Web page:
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Article Highlights:

What is the Work Opportunity Tax Credit?
Maximum Credit
Who Can Claim the Credit?
Qualified Employees
Pre-screening and Certification
Tax-exempt Employers

Summer signals the need for seasonal employees to fill in for workers who are on vacation during the busy months ahead and even for some gearing up for the upcoming hectic holiday season. However, given the current labor shortage, many businesses are facing a tight jobs market. So, it may be time to become creative.

One solution might be hiring family members. Financially, it makes more sense to keep the family employed rather than hiring strangers, provided, of course, that the family member is suitable for the job.

You might even consider hiring your children to work in your business. Rather than helping to support your children with your after-tax dollars, you can instead hire them in your business and pay them with tax-deductible dollars. Of course, the employment must be legitimate and the pay commensurate with the hours and the job worked. Click here for information related to hiring your children in your business and the associated tax breaks.

Another solution might be hiring long-term unemployment recipients and other groups of workers facing significant barriers to employment. Doing so may allow you to benefit from the Work Opportunity Tax Credit (WOTC).

The Work Opportunity Tax Credit (WOTC) is a general business tax credit that is jointly administered by the Internal Revenue Service (IRS) and the Department of Labor (DOL). The WOTC is available for wages paid to certain individuals who begin work on or before December 31, 2025.

The WOTC may be claimed by any employer that hires and pays or incurs wages to certain individuals who are certified by a designated local agency (sometimes referred to as a state workforce agency) as being a member of one of 10 targeted groups.

In general, the WOTC is equal to 40% of up to $6,000 of wages paid to, or incurred on behalf of, an individual who:

Is in their first year of employment with the business;
Is certified as being a member of a targeted group; and
Performs at least 400 hours of services for that employer.
However, an employer cannot claim the WOTC for employees who are rehired.

Maximum Credit – Thus, the maximum tax credit is generally $2,400. A 25% rate applies to wages for individuals who perform fewer than 400 but at least 120 hours of service for the employer. Up to $24,000 in wages may be considered in determining the WOTC for certain qualified veterans.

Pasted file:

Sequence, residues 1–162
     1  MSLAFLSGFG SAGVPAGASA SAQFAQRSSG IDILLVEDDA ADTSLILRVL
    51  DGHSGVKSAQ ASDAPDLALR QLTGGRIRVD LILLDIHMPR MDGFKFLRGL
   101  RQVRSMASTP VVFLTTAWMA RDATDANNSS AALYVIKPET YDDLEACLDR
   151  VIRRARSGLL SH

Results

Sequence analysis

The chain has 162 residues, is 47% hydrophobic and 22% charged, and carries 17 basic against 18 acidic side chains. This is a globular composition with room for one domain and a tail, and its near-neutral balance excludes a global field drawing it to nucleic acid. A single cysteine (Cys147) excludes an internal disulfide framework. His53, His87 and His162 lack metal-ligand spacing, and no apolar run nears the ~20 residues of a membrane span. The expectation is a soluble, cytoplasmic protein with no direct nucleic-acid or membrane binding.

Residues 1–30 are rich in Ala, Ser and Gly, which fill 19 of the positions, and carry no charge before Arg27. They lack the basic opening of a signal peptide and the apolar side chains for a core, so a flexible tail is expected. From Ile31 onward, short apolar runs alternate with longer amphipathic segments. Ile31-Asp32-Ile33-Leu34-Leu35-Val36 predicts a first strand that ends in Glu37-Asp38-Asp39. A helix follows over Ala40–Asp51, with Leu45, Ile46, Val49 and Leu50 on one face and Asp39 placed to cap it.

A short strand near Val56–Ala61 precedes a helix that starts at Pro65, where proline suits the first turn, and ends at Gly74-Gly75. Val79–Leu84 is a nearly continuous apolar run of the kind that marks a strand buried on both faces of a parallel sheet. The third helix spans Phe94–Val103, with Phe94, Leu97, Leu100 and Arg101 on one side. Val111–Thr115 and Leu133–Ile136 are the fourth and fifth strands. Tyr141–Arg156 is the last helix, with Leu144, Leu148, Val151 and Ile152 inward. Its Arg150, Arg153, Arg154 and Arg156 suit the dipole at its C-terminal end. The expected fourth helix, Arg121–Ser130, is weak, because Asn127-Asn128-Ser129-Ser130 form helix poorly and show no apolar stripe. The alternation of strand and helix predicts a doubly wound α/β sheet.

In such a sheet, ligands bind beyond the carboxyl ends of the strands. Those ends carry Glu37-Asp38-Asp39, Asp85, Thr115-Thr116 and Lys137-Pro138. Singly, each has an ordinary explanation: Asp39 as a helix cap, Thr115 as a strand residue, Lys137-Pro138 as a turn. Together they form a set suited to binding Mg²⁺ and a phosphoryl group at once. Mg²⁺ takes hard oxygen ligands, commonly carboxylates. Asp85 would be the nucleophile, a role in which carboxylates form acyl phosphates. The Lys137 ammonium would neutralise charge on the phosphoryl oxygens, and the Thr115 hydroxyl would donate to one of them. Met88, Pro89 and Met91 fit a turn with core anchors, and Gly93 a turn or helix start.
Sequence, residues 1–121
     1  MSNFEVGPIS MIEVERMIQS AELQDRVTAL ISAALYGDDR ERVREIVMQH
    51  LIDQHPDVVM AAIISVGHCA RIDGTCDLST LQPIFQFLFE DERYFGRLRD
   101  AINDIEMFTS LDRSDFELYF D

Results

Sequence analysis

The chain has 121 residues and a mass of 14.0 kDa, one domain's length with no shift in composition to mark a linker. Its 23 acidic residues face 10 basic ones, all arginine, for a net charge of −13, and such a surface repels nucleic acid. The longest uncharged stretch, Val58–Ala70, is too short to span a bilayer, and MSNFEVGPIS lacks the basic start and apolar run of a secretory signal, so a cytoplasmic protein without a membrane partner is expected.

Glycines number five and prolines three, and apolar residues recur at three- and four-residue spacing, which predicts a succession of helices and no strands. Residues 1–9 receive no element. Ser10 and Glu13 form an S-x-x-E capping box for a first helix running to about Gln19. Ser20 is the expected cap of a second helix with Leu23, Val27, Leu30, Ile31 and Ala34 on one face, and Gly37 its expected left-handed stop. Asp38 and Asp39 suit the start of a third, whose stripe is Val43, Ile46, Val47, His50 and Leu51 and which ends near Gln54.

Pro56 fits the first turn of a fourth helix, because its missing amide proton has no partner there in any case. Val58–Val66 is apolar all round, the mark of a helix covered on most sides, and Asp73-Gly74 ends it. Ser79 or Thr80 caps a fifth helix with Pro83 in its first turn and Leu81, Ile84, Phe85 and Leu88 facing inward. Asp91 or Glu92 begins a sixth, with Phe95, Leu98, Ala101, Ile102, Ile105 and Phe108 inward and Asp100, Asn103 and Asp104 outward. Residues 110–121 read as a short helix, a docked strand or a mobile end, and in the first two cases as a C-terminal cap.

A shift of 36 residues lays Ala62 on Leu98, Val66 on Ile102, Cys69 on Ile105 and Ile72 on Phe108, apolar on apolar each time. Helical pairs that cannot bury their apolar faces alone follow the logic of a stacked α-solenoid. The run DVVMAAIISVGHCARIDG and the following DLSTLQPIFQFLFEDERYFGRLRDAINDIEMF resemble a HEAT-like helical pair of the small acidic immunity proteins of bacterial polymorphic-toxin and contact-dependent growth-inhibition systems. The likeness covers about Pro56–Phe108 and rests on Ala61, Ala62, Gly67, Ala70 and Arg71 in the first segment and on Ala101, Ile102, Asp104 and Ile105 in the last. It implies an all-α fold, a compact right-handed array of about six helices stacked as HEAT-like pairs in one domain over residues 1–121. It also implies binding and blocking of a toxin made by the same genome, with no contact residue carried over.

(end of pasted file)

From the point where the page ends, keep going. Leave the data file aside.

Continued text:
Who Can Claim the Credit – Employers of all sizes are eligible to claim the WOTC. This includes both taxable and certain tax-exempt employers located in the United States and in certain U.S. territories. Taxable employers claim the WOTC against income taxes, and in general, may carry the current year’s unused WOTC back one year and then forward 20 years. “Carrying back” the credit means that the tax return filed for the prior year will need to be amended to claim the credit on that return. The procedure is different for eligible tax-exempt employers; please contact this office for details.

Qualified Employees – An employer may claim the WOTC for an individual who is certified as a member of any of the following targeted groups:

Qualified IV-A Recipient (relates to Temporary Assistance for Needy Families (TANF))
Qualified Veteran
Qualified Ex-Felon
Qualified Designated Community Resident (DCR)
Qualified Vocational Rehabilitation Referral
Qualified Summer Youth Employee
Qualified Supplemental Nutrition Assistance Program (SNAP) Recipient
Qualified Supplemental Security Income (SSI) Recipient
Qualified Long-Term Family Assistance Recipient
Qualified Long-Term Unemployment Recipient

Pre-screening and Certification – An employer must obtain certification that an individual is a member of the targeted group, before the employer may claim the credit. An eligible employer must file Form 8850, Pre-Screening Notice and Certification Request for the Work Opportunity Credit, with their respective state workforce agency within 28 days after the eligible worker begins work. Employers should contact their individual state workforce agency with any specific processing questions for Forms 8850. The instructions to Form 8850 provide details about the targeted groups.

Please contact this office for additional information and assistance to determine if hiring family members or hiring individuals who qualify for the WOTC is appropriate for your business.

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